Flexible working allows employees to alter their normal shift pattern to better suit their work/life balance. This can include working part time, job sharing, working from home, and flexitime. The requested alterations can either be on a permanent or temporary basis, allowing for a change in working hours, the days worked and even the location. Flexible working does not only benefit employees; employers can likewise reap the rewards with increased staff motivation and retention levels.
Who can make a request for flexible working?
If an employee has worked for the company for more than 26 weeks then they are able to make a formal or “statutory” request for flexible working hours. All applications for flexible working hours should give consideration solely to how the changes would affect business operations, regardless of whether the employee is on a temporary, full or part time contract. Agency staff or employees that have only been with the company a short time cannot make statutory requests, but can informally discuss a more flexible working pattern with their employer.
Shareholders and company directors are also prevented from making statutory requests as they will have sacrificed certain employee benefits when accepting their position. Employees returning from parental leave can submit a statutory request within 14 days of their return to work providing they have worked for the company for at least 26 weeks including maternity leave.
How can the requests be made?
As discussed there are two ways flexible working hours can be submitted, through statutory and non- statutory requests. The more formal of the two routes, statutory requests have a set procedure that must be followed, with strict eligibility criteria having to be met before an application can be made. Non-statutory requests allow employees to freely discuss the adaptation of more flexible working hours with their employer, regardless of the type of contract they hold and without any limits on the amount of requests they can make.
With this being said, the procedure involved with a statutory request can work to the employees benefit. Whilst they can only make one application each year using this route it gives them the right to appeal if their application is rejected, whereas if the request was non-statutory the dispute would have to be presented to an employment tribunal or be taken up as a grievance in the workplace.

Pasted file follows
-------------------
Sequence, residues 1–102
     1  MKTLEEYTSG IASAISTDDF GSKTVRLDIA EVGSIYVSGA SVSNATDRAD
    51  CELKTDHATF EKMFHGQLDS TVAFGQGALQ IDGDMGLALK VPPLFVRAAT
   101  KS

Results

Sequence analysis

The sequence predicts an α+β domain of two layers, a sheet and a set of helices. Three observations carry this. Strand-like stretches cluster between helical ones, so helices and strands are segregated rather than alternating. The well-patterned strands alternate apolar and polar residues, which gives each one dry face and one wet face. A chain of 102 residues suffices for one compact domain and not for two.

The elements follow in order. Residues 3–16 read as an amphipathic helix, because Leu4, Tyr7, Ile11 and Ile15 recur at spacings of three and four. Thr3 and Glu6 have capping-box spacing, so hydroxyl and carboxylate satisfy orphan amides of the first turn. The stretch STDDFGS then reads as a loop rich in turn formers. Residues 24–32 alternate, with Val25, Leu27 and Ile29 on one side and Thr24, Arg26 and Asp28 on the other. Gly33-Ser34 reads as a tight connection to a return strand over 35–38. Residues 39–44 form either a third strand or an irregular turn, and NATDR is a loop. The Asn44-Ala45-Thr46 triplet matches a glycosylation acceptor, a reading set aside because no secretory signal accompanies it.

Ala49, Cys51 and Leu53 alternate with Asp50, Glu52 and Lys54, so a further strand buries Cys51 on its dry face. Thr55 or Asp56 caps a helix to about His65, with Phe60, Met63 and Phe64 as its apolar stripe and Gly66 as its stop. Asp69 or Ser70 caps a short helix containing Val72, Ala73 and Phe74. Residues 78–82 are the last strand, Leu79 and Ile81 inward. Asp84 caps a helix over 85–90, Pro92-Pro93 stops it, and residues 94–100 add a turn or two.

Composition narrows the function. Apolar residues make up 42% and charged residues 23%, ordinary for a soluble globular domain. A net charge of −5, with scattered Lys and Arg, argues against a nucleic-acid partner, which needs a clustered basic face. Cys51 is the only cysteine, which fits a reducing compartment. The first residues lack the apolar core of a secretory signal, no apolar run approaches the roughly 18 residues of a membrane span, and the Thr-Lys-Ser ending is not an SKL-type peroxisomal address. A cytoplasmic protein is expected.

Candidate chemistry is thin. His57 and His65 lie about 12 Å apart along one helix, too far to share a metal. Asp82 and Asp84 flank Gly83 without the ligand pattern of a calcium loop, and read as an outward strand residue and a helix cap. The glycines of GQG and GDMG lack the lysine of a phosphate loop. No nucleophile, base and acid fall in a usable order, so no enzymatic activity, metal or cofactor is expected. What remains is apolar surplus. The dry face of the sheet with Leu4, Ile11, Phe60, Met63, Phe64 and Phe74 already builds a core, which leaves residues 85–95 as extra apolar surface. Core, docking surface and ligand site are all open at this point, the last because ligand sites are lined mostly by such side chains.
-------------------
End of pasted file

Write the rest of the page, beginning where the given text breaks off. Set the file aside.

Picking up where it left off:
Dealing with a request for flexible working hours
When you receive a request for flexible hours the law requires that it is dealt with in a “reasonable” manner, giving proper consideration to the possible costs and logistical effects the changes will have on your business. It’s recommended you hold a meeting with the employee as early as possible as all requests must be concluded within three months, allowing for any trial period or appeals to take place.
The impact these changes will have on your business is perhaps the hardest to account for but is the main reason for applications being rejected. If an employee’s hours are changed, consideration must be given to who else would work this period, whether additional staff would be needed or if the changes would otherwise come at a financial cost to the business. If the proposed changes would come with the “burden of additional cost” or prove to be detrimental towards the company’s quality, performance or ability to meet customer demand, then there would be sufficient grounds for rejection.
Appealing a rejected application
An appeal offers the opportunity to reach a compromise and reaffirms that the case is being handled appropriately and in a “reasonable” manner. The laws do not oblige you to allow appeals; however, this could avoid the matter being escalated to a workplace grievance.
The decision reached in the appeal is final. However, if the employee believes their application was dealt with inappropriately there are alternative routes they could pursue. If the employee’s statutory rights have been breached or the request was not dealt with in line with company procedure the case could be taken to an employment tribunal. Simply having their application rejected is not sufficient cause to present this to a tribunal.
If the employee wishes to take the case to the employment tribunal they are required to do so within three months of the withdrawal of the request, the rejection of the application or the deadline by which the proposal should have been dealt with. A tribunal is prevented from disputing your reasons for rejection, but they are able to challenge the facts your reasoning is based on, and if the claim is successful you could be made to pay up to eight weeks wage as compensation, capped at £475 per week.
What happens if I receive multiple applications?
If you have a larger workforce, it is not uncommon to receive multiple applications for flexible working hours in a short amount of time. To ensure that all employees are treated equally, requests must be considered in the order they were received. With this being said, you must consider the impact of approving an application as this would affect the likelihood of the remaining requests being accepted. Alternatively a compromise could be reached between employees, giving them a better work/life balance whilst maintaining the effectiveness of your business.
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